Dr Hallowell ADHD and mental and cognitive health
Sign-up for Dr. Hallowell�s newsletter
Marriages where one or both members of the couple have ADD can be plagued by misunderstandings, anger and frustration. These problems often arise from the misinterpretation of undiagnosed ADHD symptoms or, if the ADHD has been diagnosed, from both partners being unsure of what to do about it. The good news is that by understanding the role that ADHD plays in your relationship – by correctly interpreting what is happening to you and learning ways to make the interactions more positive – couples can not only improve their marriages, but thrive.
Dr. Hallowell offers a number of ways to learn how to thrive in relationships affected by ADHD. First, all of the Hallowell Centers offer counseling for couples interested in taming the ADHD interactions and misunderstandings in their relationship. Counseling may include treatment of ADHD, depression, anxiety and other issues, as well as therapy centered on developing strategies for improving the interactions between partners.
Dr. Hallowell and his wife Sue co-authored “Married to Distraction: Restoring Intimacy and Strengthening Your Marriage” , which deals with how to keep distraction from hurting your marriage. Dr. Hallowell and Melissa Orlov also write a blog and manage a forum on how ADHD affects marriage, which can be found at www. adhdmarriage. com.
Dr. Hallowell and Sue share their insight, tips and advice in this heartwarming conversation about his own ADHD and their marriage. Sue doesn’t hold back and gives listeners a clear picture of what it’s like to be the only one in their house without ADHD. Listen to the entire program at Distraction Podcast 29 and watch behind the scenes on Youtube.
Dr. Hallowell also recommends reading The ADHD Effect on Marriage: Understand and Rebuild Your Relationship in Six Steps and enrolling in the ADHD Effect In-Depth Couples’ Seminar – This highly acclaimed, eight-session phone seminar has helped many couples turn their relationships around.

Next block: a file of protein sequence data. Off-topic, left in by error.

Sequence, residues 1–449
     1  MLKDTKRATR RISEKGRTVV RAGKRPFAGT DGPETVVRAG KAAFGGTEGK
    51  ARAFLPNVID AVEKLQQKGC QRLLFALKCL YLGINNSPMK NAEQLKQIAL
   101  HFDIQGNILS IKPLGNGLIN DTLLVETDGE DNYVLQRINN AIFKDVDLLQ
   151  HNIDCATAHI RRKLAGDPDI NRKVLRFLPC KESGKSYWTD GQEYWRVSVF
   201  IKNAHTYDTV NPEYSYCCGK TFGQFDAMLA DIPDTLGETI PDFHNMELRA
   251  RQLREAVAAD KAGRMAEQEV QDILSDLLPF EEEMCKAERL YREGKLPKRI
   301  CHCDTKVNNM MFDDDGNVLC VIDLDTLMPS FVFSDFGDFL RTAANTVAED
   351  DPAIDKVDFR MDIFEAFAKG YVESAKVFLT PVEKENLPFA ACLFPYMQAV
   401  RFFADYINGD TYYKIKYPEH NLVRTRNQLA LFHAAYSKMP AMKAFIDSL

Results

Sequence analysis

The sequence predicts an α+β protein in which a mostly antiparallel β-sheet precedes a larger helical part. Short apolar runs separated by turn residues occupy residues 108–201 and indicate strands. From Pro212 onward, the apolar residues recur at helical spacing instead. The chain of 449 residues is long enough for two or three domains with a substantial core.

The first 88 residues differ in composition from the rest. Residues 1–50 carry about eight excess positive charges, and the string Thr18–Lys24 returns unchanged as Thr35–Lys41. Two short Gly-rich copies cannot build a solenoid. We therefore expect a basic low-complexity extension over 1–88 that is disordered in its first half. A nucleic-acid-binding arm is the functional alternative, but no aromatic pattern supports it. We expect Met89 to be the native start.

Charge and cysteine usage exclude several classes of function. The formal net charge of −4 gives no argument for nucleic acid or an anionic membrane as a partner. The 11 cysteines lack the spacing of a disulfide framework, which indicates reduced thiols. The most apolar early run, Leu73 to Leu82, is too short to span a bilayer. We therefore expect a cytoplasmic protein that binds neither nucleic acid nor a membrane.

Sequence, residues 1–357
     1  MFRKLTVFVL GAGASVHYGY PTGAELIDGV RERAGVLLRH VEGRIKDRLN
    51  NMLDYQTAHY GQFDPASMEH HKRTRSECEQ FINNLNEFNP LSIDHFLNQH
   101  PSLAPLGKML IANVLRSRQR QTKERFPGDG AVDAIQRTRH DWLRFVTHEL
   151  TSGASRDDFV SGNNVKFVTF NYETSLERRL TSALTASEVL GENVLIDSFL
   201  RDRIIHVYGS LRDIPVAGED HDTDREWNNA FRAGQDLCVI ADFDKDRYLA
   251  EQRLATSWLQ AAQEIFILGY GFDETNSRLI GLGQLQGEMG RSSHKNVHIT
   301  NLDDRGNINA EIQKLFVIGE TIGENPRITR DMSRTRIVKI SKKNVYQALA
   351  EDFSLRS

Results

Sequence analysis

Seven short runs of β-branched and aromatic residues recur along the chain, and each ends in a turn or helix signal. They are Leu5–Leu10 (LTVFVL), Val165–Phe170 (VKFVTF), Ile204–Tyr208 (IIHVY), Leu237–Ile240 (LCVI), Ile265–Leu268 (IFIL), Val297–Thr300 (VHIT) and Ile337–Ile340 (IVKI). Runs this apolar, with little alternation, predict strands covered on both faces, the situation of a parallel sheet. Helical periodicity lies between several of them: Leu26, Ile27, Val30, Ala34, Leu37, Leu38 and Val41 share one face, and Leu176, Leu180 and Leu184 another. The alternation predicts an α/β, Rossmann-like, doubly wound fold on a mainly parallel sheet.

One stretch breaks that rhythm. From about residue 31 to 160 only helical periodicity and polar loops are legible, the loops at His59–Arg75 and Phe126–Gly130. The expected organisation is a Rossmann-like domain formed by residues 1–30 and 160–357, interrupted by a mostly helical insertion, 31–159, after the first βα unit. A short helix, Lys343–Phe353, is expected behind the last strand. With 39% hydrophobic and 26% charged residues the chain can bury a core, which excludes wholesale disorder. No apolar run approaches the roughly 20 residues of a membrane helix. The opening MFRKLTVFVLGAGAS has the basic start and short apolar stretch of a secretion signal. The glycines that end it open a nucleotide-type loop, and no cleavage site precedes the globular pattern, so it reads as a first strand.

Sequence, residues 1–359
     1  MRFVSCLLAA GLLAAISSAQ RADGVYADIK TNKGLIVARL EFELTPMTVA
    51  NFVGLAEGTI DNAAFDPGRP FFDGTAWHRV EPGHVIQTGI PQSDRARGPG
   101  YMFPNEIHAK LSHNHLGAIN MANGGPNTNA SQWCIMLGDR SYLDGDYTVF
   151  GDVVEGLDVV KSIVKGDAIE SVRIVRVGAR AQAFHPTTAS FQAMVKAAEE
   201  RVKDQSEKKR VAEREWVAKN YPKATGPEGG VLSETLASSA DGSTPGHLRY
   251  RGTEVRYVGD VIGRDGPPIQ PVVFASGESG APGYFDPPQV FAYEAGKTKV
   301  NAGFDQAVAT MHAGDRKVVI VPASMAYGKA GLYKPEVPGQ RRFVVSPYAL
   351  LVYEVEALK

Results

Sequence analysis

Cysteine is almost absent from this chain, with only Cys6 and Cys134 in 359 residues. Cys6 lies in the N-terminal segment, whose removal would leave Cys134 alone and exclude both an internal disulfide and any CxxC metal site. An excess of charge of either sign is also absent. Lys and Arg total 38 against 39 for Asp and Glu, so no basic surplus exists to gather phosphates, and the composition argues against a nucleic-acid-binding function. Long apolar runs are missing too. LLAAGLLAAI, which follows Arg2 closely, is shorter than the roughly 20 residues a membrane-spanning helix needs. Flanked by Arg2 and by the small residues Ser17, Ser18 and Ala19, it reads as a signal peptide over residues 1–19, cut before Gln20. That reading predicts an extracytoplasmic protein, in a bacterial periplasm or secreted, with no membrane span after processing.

If you are married to a person with ADHD and are feeling lonely your loneliness may well be the result of the ADHD symptom “distraction”. Most likely, your spouse loves you but is too distracted to pay the attention to you that you need so that you “feel” his or her love. In this case, rather than feel disappointed or angry or convincing yourself that your spouse “no longer cares”, a good response would be to talk with your spouse, acknowledge the spouse’s ADHD symptom “distraction”, and express your need for more focused time together. Express that you understand that the action (ignoring you) does not correspond with his/her feelings (love) but that in order to feel loved you need more time together. Then overtly schedule some fun time, such as date nights or trips, which can make the two of you feel more connected again.
1) Keep learning about ADD/ADHD! Some good places to start:
- Our ADD/ADHD overview page has a lot of helpful information, and is a good starting place Treatments for ADD/ADHD describes our recommended strategies for successfully adjusting to and coping with ADD/ADHD. Delivered From Distraction is one of the best introductions to ADD available The Top 10 questions about ADD The Top 10 newest findings about ADD Watch Dr. Hallowell discuss Kids and ADD, or ADD and education
2) If you believe that you or your child or spouse may have ADD/ADHD, get a professional diagnosis:
- The Hallowell Centers specialize in the diagnosis and treatment of ADD/ADHD, for those in or near Massachusetts or New York For those not near a Hallowell Center, we have a page to help you find a referral to someone qualified who can diagnose ADD/ADHD Ask your doctor about getting tested for ADD/ADHD
3) You are not alone! There is a tremendous community to support and help you. A few places to look, depending on your needs:
- CH. A.D. D. (Children and Adults with Attention Deficit Disorder): an excellent organization dedicated to helping and connecting those with ADD For those married to someone with ADD, or are ADD themselves, visit adhdmarriage. com, which is also a community of people sharing their experiences National Attention Deficit Disorder Association: a non-profit organization that focuses on the needs of adults and young adults with ADD and ADHD. They sponsor an annual national conference on ADHD.
ADHD and Marriage Blog Tips on Learning to Thrive in Your Relationship from Melissa Orlov and Dr. Hallowell